- having fewer sexual thoughts
- no longer initiating sex or responding to your partner’s attempts to do so
- responding less to sexual cues such as physical intimacy or pornography
- feeling less pleasure or sensation during sex
To be diagnosed with SIAD, you should have these symptoms most or all of the time, and have experienced these for longer than 6 months.
You also need to meet any testosterone testing requirements to request treatment (see above, ‘How can I check my testosterone levels?’).
You can order our home testosterone test kit to check your testosterone levels. This is a total testosterone finger prick blood test which you can carry out yourself.
- Order your test kit, and choose either home delivery or collection from your local Post Office
- When your kit arrives, follow the instructions to collect your sample
- Post your sample to our UK based lab (postage is free)
- One of our doctors will send your results and follow up advice to you through your secure account within 2 to 3 days of the lab receiving your sample
Otherwise you can book an appointment with your GP to get tested.
To request testosterone treatment through us, you must get your testosterone levels tested:
- within 3 months before starting treatment, to check your levels are not too high and this is safe to begin
- 3 months after starting treatment
- once a year going forward
We will need proof of these test results to continue prescribing treatment. We will automatically have access to your results if you order our home test kit to check your testosterone levels.
Treatment for low testosterone (testosterone replacement therapy, or TRT) typically comes in the form of:
- implants placed under skin, although this is unavailable in the UK
The same treatments are prescribed to men but at higher doses since their levels are generally much higher than women's.
We offer the daily treatments:
- Testim gel 1%
- Testogel 2%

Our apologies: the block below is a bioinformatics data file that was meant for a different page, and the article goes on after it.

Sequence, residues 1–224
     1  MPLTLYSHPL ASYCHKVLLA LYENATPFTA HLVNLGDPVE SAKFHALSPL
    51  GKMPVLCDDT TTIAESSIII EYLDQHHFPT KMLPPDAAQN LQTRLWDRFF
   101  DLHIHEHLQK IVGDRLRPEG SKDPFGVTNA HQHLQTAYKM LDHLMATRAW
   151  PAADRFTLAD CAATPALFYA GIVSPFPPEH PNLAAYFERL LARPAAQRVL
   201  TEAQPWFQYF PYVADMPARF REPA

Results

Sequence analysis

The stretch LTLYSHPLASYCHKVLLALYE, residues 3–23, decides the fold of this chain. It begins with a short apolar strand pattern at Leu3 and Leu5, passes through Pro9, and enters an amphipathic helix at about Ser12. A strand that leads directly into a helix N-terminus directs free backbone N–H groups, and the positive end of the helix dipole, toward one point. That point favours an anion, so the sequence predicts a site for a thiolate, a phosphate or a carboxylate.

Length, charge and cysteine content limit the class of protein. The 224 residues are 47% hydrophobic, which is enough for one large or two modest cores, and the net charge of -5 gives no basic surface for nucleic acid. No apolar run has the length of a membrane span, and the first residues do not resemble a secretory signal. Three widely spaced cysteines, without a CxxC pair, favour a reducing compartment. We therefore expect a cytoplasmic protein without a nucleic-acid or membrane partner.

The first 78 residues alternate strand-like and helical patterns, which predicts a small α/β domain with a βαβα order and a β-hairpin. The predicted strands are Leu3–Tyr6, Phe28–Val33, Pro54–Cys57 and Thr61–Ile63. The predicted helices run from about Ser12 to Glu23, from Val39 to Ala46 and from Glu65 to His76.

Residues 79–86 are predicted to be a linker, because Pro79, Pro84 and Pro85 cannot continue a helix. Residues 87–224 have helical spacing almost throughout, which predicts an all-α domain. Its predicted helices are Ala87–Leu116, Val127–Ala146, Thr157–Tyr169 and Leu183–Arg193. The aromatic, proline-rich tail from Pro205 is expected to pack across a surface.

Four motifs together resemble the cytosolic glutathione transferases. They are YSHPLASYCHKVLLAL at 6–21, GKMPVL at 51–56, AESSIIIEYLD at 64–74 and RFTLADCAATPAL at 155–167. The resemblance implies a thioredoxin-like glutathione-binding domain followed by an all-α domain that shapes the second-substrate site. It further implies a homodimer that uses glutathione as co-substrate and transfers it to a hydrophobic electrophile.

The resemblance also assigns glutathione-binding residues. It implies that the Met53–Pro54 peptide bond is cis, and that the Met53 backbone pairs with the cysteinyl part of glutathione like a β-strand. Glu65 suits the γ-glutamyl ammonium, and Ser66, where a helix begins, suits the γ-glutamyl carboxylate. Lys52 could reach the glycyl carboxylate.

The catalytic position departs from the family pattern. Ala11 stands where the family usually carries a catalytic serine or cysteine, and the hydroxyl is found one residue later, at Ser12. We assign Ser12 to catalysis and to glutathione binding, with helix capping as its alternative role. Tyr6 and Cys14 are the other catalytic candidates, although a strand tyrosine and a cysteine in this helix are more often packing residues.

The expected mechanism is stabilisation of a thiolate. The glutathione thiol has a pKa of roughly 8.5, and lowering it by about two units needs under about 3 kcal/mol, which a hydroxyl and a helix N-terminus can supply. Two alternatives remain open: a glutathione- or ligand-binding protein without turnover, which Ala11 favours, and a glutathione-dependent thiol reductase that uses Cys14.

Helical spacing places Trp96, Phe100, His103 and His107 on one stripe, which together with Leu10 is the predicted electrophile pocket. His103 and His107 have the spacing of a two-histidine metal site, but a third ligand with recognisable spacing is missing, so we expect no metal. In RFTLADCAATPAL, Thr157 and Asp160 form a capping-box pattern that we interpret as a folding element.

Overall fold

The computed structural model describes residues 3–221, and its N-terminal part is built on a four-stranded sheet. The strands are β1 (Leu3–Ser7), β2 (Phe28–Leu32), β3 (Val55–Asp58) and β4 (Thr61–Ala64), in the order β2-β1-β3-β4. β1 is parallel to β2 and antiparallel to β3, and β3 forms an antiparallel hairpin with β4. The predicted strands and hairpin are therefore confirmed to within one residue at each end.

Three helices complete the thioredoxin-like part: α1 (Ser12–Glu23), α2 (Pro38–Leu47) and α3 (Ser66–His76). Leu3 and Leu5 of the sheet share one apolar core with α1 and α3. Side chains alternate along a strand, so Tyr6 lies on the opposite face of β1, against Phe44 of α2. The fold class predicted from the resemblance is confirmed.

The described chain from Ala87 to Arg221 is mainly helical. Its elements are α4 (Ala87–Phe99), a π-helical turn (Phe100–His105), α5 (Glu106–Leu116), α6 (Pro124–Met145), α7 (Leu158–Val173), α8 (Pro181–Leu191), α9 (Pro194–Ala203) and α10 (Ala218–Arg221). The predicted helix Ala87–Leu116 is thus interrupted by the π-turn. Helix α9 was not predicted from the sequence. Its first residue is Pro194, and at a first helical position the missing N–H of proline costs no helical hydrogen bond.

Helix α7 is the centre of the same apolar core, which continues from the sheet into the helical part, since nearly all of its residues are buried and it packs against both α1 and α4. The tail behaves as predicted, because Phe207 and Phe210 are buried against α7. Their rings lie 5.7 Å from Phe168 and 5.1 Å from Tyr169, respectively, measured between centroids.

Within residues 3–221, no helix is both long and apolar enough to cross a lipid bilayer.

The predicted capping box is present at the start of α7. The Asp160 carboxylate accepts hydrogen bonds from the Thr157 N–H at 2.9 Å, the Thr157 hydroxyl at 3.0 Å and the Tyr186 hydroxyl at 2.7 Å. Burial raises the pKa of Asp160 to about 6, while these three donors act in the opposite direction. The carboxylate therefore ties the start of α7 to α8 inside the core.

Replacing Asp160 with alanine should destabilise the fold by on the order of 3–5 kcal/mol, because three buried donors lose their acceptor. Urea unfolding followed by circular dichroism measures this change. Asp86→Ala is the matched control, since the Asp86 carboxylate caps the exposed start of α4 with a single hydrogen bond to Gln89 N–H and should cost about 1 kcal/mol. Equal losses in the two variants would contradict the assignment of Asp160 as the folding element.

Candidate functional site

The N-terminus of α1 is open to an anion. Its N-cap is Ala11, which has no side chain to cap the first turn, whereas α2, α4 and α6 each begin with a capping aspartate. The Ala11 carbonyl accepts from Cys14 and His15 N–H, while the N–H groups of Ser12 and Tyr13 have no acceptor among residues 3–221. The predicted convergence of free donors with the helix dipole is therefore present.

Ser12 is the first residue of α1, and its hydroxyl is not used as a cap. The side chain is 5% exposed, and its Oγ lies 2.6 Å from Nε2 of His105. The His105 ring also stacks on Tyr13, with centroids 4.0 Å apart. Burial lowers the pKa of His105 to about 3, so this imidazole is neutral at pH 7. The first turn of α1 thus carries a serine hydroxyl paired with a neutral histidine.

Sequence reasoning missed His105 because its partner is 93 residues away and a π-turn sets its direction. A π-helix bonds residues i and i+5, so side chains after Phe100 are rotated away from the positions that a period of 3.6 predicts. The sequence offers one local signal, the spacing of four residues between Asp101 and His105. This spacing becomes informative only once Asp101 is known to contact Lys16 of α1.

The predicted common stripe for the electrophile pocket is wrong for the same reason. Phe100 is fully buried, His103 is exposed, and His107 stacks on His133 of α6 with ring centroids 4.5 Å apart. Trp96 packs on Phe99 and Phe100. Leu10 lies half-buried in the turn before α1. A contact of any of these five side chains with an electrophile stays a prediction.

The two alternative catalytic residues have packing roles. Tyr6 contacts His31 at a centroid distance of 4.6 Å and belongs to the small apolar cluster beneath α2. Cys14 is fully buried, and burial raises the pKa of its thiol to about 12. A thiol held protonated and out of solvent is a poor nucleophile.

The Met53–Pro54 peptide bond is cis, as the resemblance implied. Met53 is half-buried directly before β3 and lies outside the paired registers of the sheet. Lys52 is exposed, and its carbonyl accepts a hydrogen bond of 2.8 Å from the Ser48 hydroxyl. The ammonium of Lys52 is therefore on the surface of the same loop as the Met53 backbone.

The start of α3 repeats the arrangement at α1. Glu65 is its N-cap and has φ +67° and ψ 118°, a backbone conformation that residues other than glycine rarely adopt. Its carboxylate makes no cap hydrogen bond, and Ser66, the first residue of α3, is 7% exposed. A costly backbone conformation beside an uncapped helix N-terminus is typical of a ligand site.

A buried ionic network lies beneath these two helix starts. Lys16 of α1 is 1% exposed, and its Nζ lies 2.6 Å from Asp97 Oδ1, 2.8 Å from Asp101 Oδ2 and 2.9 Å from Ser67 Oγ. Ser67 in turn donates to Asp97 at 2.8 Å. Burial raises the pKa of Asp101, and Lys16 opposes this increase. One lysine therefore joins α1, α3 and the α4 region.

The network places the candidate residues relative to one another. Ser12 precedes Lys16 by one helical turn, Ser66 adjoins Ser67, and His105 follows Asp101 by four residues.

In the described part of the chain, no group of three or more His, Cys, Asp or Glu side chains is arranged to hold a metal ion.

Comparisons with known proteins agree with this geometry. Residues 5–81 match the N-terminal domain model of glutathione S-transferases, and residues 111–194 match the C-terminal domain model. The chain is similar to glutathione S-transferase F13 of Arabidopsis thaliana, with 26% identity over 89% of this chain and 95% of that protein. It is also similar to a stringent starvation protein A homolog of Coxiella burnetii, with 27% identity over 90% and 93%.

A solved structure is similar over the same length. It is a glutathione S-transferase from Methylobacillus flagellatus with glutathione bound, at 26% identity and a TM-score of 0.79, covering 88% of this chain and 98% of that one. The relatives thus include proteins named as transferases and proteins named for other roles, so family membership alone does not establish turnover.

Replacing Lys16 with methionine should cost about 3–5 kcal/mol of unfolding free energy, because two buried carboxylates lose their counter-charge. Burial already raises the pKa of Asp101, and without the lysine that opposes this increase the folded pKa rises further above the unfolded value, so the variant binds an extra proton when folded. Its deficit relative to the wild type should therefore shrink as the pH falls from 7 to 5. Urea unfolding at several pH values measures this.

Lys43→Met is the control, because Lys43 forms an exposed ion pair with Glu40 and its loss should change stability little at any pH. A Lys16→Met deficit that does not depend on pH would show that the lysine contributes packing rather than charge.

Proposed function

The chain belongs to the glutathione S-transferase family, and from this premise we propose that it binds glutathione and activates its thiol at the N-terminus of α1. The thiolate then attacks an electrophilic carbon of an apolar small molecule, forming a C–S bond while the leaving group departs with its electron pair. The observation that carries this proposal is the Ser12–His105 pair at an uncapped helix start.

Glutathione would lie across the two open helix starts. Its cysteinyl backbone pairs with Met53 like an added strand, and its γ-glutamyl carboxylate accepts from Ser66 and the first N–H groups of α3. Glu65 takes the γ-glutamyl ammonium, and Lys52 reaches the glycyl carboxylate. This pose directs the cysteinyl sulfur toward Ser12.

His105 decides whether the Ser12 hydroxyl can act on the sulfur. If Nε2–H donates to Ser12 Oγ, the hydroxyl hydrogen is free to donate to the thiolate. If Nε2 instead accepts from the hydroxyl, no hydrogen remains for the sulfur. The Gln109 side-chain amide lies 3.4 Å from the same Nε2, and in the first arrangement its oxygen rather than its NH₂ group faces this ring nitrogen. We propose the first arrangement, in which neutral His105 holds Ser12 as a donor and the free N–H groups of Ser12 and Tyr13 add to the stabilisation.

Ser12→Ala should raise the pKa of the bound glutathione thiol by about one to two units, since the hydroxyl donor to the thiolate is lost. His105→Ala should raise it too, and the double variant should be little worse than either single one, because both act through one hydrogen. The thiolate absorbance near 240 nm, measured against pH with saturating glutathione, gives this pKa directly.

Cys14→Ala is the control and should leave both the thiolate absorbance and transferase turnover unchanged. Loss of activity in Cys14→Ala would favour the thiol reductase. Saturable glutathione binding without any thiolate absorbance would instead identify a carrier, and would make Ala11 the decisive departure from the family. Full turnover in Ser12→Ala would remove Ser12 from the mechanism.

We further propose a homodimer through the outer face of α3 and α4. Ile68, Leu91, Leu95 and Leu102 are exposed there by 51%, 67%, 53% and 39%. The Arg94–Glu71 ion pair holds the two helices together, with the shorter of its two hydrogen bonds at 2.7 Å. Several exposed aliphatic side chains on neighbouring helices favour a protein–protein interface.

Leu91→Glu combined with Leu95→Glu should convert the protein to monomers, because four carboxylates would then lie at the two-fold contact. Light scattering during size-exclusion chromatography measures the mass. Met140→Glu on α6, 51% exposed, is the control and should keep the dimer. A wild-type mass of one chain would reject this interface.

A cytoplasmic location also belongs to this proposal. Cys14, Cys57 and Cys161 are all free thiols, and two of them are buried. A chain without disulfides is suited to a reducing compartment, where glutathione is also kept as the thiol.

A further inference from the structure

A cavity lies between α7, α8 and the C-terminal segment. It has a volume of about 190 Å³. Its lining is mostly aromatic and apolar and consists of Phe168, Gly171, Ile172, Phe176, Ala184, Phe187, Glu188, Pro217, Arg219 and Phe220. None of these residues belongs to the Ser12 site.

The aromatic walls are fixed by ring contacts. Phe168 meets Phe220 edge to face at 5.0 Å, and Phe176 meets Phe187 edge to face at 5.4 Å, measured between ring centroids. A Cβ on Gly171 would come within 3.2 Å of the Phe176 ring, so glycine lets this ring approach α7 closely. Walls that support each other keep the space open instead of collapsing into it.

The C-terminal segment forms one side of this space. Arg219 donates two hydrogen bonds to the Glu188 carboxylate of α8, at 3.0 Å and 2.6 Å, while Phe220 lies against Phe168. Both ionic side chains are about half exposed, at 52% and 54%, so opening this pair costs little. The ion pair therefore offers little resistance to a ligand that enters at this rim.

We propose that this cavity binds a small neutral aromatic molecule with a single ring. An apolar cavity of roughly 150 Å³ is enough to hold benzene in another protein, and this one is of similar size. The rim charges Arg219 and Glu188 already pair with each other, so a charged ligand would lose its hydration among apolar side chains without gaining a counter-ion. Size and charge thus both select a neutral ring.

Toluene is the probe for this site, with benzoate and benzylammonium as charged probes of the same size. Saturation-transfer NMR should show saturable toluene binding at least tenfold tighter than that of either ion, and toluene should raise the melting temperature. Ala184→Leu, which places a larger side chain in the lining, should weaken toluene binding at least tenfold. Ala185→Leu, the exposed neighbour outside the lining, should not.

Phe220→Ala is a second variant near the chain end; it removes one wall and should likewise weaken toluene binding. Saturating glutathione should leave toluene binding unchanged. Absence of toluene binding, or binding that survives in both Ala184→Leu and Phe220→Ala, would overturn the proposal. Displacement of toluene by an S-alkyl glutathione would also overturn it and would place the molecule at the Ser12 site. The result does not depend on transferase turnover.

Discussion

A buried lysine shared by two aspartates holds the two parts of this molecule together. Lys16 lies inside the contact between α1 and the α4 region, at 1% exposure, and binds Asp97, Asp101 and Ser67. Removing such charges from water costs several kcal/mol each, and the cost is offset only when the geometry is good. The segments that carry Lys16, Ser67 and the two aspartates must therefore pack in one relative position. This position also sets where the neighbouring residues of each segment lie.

Testim gel comes in three 5ml tubes. These should last 30 days in total.
Testogel comes in three sachets and should last 24 days in total. You need to use roughly an eighth of a sachet each time.
Both are safe treatments to increase sex drive in women, although this is an ‘off label’ use of these products. This just means a medication is used in a different way than it was originally licensed for.
You can request these testosterone treatments through us, either to begin or continue treatment. A doctor will check that treatment is suitable for you. As part of this, they will
- rule out any other factors or conditions that might be affecting your sex drive
- check that your testosterone levels are not too high
If you’re not sure which treatment is right for you, you can ask our doctors for advice before requesting treatment. Just send them a private message through your account.
You should apply testosterone gel to any area of your body without hair. This could be your bicep, abdomen, or upper thigh. It’s recommended that you rotate which areas you apply this to.
How to apply testosterone gel
- Make sure the area is clean and dry
- Apply a thin layer of gel to the area
- Rub the Testim gel in until none is left on your skin whereas you need to wait 3 to 5 minutes for Testogel to dry
- Wash your hands and avoid skin to skin contact with others so you don't transfer the gel to them
- Do not wash the area for 2 to 3 hours after applying the gel